Saturday, January 3, 2009

Rum, Buggery, & The Lash Pt. II

I must learn to ask more specific questions.

"Will there be beer on the houseboat?", I politely inquired of our driver, Sadeesh. With an emphatic head wobble denoting a certainty that could only be described as absolute, he replied "No problem". This was the point where I should have drilled down a little deeper.

We had decided to do what we rarely do. Tourist things. It had been said by everyone from the Lonely Planet guide, to our landlord Stanley, that no visit to Kerala is complete without a tour of the backwaters in an enormous houseboat. These floating behemoths ply the backwaters by the hundreds it would seem. With a crew of three or four men, these babies will happily take you out on the water for a day, a week, or until your inheritance runs out, whichever comes first. They are anywhere from 40 to 70 feet long, with anywhere from one to three bedrooms. They come in three distinct price strata: standard, superior, and luxury. Covered entirely in faux palm thatchwork, these enormous shallow draft vessels cruise the massive network of canals, performing the same ritual of hospitality day after day for whoever can pony up the dough.

Along with John and Mary Ann, my cousins who are visiting from Vancouver with their 9 year old son, Aidan, we decided to pool our resources and charter one of these floating pleasure palaces. It was not cheap. Especially by Indian standards. It cost us 21,000 Rupees, or approximately 500 dollars, for a one night cruise for 5 adults and 3 kids. That's about two months salary for the average person here. Ouch. Undaunted, we assembled and loaded ourselves and our camera gear into a very small "van" for the one and a half hour drive to where the boat was docked. Having been assured of the ready availability of our favourite frosty cold malt beverage, we declined to make a stop en route for essential cruising supplies.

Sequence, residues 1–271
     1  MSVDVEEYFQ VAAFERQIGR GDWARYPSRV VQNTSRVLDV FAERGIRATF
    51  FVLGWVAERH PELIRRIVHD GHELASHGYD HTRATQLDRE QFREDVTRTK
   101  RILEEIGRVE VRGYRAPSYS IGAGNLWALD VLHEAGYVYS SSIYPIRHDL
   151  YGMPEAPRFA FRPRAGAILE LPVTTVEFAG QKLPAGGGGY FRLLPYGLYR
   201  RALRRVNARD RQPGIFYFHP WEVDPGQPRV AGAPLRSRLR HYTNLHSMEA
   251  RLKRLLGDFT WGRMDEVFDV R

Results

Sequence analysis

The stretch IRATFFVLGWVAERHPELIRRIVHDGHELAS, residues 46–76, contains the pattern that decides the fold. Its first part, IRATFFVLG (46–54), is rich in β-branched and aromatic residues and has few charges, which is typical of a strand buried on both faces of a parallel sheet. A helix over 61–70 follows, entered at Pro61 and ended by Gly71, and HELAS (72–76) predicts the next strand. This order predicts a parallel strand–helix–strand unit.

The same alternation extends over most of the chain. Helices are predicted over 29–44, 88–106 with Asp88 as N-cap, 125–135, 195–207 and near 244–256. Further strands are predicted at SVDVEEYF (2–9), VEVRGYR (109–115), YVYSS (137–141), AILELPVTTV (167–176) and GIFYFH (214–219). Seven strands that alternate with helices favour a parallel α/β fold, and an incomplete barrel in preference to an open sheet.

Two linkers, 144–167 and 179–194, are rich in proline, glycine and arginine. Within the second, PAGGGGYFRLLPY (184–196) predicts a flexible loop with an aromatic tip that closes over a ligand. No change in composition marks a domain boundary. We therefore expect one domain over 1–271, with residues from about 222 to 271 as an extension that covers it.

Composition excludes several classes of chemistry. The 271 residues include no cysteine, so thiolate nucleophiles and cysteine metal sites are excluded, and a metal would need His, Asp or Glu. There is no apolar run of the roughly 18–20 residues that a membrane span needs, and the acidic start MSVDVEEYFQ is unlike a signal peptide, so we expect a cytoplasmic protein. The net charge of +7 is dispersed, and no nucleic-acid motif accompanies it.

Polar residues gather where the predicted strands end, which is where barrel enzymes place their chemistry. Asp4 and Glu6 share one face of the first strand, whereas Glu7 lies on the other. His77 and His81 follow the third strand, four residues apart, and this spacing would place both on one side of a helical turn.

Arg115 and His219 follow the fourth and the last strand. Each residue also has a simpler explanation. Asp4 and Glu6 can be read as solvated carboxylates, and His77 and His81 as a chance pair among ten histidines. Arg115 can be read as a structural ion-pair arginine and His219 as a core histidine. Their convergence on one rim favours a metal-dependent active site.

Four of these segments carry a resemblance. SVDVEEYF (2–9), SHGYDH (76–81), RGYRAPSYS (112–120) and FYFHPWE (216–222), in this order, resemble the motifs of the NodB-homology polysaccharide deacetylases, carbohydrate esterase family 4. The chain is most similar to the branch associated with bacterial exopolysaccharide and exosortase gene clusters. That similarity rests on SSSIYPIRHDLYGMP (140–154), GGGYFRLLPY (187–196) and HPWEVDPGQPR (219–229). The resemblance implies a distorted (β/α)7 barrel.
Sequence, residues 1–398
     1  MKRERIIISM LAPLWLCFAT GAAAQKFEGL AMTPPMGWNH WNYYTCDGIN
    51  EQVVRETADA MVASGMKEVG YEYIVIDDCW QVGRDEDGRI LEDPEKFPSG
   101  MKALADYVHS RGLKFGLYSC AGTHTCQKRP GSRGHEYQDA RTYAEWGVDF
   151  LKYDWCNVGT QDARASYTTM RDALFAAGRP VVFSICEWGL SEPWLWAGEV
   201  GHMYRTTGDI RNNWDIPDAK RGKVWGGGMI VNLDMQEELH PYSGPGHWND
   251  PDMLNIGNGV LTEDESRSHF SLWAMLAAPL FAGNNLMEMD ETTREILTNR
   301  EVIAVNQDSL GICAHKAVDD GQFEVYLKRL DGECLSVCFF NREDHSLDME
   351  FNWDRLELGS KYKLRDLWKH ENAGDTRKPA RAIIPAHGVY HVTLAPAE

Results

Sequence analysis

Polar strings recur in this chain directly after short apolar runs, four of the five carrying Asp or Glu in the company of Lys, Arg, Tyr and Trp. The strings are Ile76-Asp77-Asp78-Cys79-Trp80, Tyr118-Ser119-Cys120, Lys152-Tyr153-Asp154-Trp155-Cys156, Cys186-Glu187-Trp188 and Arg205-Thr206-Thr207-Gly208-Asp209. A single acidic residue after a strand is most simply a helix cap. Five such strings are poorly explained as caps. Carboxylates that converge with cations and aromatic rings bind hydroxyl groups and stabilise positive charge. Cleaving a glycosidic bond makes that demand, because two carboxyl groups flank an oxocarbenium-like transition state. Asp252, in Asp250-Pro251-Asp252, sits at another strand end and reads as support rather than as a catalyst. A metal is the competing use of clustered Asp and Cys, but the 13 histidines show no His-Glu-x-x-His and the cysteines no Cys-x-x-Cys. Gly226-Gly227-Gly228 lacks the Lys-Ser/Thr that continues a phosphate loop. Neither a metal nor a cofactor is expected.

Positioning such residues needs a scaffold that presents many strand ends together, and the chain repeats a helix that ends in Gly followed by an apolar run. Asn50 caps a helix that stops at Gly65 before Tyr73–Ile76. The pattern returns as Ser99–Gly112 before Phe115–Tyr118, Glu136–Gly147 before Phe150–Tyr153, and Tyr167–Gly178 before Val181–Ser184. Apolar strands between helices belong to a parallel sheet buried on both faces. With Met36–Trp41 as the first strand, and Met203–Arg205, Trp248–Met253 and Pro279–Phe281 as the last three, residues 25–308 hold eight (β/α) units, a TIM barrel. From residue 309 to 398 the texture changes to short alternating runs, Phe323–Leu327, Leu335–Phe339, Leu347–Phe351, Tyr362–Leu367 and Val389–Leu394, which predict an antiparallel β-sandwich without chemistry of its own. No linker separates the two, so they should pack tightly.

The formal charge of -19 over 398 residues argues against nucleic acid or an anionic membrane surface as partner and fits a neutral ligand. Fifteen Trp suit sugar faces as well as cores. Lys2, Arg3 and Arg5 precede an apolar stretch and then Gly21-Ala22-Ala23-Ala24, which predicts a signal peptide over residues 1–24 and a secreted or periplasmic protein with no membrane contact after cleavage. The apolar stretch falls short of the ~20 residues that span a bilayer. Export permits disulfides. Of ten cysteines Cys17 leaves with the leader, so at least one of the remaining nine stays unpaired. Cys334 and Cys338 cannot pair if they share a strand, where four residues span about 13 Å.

The boat was pretty cool, actually. An impressive ode to conspicuous consumption. A large open dining and lounge area up front, then three bedrooms, and a galley. Ours fell into the "superior" class, as there was AC in the bedrooms, and the insect life on board wasn't quite as mutinous as on a "standard". We were greeted, loaded on board, and promptly handed a green coconut to sip on as we headed out of the dock and onto a massive lake. It was pretty stunning. Slowly cruising by locals fishing from small canoes, we headed for the canal area. It's worth talking about these canals. As we got closer to the finger of land that formed the point we were rounding, it became obvious that these were all man-made structures. For miles and miles, as far as one could see, there were walls of interlocking rock, representing an engineering and construction effort that could only be described as colossal, not to mention visionary. On the other side of the rock walls, about 15 feet below water level, are dozens of square miles of flat rice paddy. These fields are serviced by a series of irrigation ditches fed by the canals, and they are populated with small fish and shrimp. John and I marveled at the scope of the project. It was truly amazing.